Many people with epilepsy report facing difficulties in routinely tracking and managing their seizures. And they note that existing methods, such as seizure diaries, can be onerous and used inconsistently. New technology can sometimes help. Unfortunately, it often has a long road from lab to life and isn’t always available to everyone due to cost.

Seizing the opportunity, OBI brought together Epilepsy Ottawa and Neureka® (formerly Novela Neurotechnologies) to conduct the

Epilepsy Ottawa Neureka Study – or the EONS project. Designed to test new seizure tracking technology developed by Neureka, an OBI portfolio company, the study was rolled out with at-home patient partners to determine if their epilepsy monitor would improve quality of life of those living with epilepsy.

Epilepsy Ottawa recruited 50 adults with epilepsy from across the province to try out the smartwatch for three months. To be included in the EONS project, patient partners needed to be at least 18 years old, live with epilepsy or a seizure disorder, and have at least four seizures a month. Study participants were tasked with wearing the smartwatch with a seizure tracking app during the daytime and a sleep ring at night. Throughout the study, the participants provided valuable feedback about what they liked (and didn’t like) about the device. They also shared feedback about their quality of life and mental wellness. And once the study was completed, participants were able to keep the device.

In addition to helping users self-report seizures, the Neureka smartwatch and night monitor track movement and heart rate. The night monitor can also track blood oxygen levels. In the event that any of these health biomarkers change, the device can send a text alert to a caregiver or loved one with a user’s GPS location.

Dr. Nikki Porter, Executive Director of Epilepsy Ottawa, said that through the partnership with Neureka, some of the agency’s most in-need clients now have access to new tracking tools to help them.

“Many of the clients that participated in this study are those struggling with seizure management the most,” she noted. Through this partnership, Neureka had access to data from people who have frequent seizures, and our clients now have potentially game-changing technology that they might never have been able to try.”

She went on to explain how Epilepsy Ottawa’s role in the partnership, and community agency partnerships with industry and researchers in general, is to bring in the patient perspective.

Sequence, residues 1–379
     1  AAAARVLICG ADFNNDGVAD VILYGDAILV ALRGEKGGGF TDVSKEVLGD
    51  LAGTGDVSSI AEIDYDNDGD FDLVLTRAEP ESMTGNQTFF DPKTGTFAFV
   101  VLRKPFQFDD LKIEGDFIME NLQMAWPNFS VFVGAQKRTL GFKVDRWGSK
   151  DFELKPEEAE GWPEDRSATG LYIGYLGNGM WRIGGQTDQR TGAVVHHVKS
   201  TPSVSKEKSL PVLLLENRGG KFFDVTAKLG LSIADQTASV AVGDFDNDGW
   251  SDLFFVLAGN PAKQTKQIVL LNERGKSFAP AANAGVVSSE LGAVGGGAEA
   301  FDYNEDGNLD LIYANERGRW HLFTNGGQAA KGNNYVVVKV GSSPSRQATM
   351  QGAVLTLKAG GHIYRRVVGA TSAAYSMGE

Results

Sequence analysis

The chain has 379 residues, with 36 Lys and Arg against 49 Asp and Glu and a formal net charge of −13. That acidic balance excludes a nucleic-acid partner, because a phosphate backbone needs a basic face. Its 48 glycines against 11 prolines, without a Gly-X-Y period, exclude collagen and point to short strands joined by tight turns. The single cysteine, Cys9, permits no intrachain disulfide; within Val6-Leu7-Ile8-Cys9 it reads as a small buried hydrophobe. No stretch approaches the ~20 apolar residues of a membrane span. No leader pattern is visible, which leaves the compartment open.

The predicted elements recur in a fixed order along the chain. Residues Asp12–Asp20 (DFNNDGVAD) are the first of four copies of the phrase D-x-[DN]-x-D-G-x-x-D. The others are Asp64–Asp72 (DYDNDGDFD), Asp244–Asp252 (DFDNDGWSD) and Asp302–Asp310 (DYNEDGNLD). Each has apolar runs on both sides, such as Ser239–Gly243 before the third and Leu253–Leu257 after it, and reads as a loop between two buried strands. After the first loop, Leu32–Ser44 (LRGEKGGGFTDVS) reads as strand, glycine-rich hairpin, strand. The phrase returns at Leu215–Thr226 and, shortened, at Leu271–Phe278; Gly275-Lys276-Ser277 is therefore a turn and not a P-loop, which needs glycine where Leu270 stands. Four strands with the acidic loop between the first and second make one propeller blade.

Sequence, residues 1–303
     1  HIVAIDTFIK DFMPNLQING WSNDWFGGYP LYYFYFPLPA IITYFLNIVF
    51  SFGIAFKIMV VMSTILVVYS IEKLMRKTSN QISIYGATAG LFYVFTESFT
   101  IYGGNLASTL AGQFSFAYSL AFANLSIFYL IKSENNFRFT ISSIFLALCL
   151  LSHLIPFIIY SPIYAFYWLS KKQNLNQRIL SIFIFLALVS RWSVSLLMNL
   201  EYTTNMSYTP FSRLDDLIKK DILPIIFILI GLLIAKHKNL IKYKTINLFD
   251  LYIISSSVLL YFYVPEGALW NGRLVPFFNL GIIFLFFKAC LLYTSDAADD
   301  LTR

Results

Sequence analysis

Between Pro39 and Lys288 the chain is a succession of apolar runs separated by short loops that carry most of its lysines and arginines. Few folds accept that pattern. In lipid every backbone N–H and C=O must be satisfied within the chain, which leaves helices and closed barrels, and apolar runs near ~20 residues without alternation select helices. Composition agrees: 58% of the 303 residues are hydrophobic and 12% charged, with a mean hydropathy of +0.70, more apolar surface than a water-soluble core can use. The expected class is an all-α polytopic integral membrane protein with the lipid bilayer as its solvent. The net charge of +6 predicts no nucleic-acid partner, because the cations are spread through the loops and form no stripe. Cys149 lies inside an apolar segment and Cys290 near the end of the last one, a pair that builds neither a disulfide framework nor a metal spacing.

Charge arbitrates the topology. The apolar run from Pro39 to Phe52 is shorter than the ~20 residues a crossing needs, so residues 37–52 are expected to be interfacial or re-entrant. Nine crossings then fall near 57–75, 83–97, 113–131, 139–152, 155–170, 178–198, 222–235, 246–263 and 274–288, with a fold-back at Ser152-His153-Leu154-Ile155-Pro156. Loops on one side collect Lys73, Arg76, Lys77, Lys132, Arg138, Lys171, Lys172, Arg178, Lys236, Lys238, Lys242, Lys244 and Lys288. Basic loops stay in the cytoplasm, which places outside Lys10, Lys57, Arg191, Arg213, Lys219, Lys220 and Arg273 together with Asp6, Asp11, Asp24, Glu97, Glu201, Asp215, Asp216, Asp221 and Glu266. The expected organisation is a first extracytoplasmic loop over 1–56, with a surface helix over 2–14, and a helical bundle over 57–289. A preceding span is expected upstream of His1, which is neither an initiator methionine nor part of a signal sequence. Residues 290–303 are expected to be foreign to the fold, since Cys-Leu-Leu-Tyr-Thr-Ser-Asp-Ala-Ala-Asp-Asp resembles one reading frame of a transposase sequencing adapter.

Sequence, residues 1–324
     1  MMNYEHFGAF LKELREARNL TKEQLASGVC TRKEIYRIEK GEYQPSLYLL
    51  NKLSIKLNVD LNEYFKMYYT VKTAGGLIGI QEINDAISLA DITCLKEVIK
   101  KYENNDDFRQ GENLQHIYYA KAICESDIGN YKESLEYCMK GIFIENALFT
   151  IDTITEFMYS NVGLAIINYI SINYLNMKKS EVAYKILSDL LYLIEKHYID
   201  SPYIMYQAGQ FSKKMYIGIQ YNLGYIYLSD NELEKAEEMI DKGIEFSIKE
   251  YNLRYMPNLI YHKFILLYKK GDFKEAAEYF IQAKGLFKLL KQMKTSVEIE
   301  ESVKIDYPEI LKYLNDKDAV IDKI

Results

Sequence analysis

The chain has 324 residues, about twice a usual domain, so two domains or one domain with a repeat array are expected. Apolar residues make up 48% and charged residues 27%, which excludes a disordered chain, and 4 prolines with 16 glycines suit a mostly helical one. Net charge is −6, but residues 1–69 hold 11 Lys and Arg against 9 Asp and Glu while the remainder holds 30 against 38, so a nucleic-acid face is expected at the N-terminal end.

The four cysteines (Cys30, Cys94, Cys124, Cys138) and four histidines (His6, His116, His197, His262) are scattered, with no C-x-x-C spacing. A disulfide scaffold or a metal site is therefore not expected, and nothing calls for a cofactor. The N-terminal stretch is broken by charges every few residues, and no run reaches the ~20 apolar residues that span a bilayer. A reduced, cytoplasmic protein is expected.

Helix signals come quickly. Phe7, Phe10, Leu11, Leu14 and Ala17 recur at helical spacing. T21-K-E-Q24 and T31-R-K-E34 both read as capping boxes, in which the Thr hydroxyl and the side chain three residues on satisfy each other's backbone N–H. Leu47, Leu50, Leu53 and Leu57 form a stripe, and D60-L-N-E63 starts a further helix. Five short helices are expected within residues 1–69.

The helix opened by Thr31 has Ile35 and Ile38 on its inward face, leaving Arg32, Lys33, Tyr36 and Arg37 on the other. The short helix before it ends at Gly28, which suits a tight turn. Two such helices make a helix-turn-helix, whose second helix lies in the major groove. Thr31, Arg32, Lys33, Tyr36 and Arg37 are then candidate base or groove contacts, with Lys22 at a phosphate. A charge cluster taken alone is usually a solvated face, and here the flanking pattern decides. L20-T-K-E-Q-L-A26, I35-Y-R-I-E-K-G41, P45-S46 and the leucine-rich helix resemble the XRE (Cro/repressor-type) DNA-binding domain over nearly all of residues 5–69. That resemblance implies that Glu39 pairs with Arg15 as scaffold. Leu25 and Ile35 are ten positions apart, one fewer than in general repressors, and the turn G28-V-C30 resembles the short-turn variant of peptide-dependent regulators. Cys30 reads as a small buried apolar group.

“On a daily basis, community agencies like Epilepsy Ottawa help clients with a wide range of the psycho-social challenges they face. Researchers and industry may not have as much first-hand experience with that. Knowledge-sharing in partnerships like the EONS project helps integrate real-world experience into the development and implementation of research.”

Dr. Parisa Sabetian, co-founder of Neureka, noted that empowering the research-commercialization-care continuum to address health challenges enables collaboration and discovery.

“Partnership is a revolution in the technology space,” she said. “It is a big step in changing the path to get technology in the hands of clients – at home, versus only in the hospital for a few weeks – for long term use.”

“In working with Epilepsy Ottawa, we were fortunate to obtain a lot more information about the patient experience than the device could tell us. Involving the whole support system – user, care partner, family – is where the real collaboration kicks in. And I don’t know of any other organization other than OBI that acts as a liaison or intermediary in this space.”

Initial data analysis from the Epilepsy Ottawa Novela Study is positive: approximately 72% of participants have chosen to make Neureka® a part of their epilepsy management plan, and around 80% of both participants and care partners would recommend the technology to a friend or family member.

The SIM cards and Wifi data for the study were donated by TELUS, an OBI corporate partner. “TELUS is committed to working with our partners to create innovative healthcare technology that delivers a healthier future for all,” said Diane McIntosh, Psychiatrist and Chief Neuroscience Officer, TELUS. “We were more than happy to support the Epilepsy Ottawa Novela Study with the connectivity needed to help make neurotechnology more accessible to Canadians living with brain disorders.”

Real-world examples show that working across sectors is necessary to improve the patient journey, and through initiatives like the EONS project, the Ontario Brain Institute is helping to lead the charge.

Image courtesy of Neureka®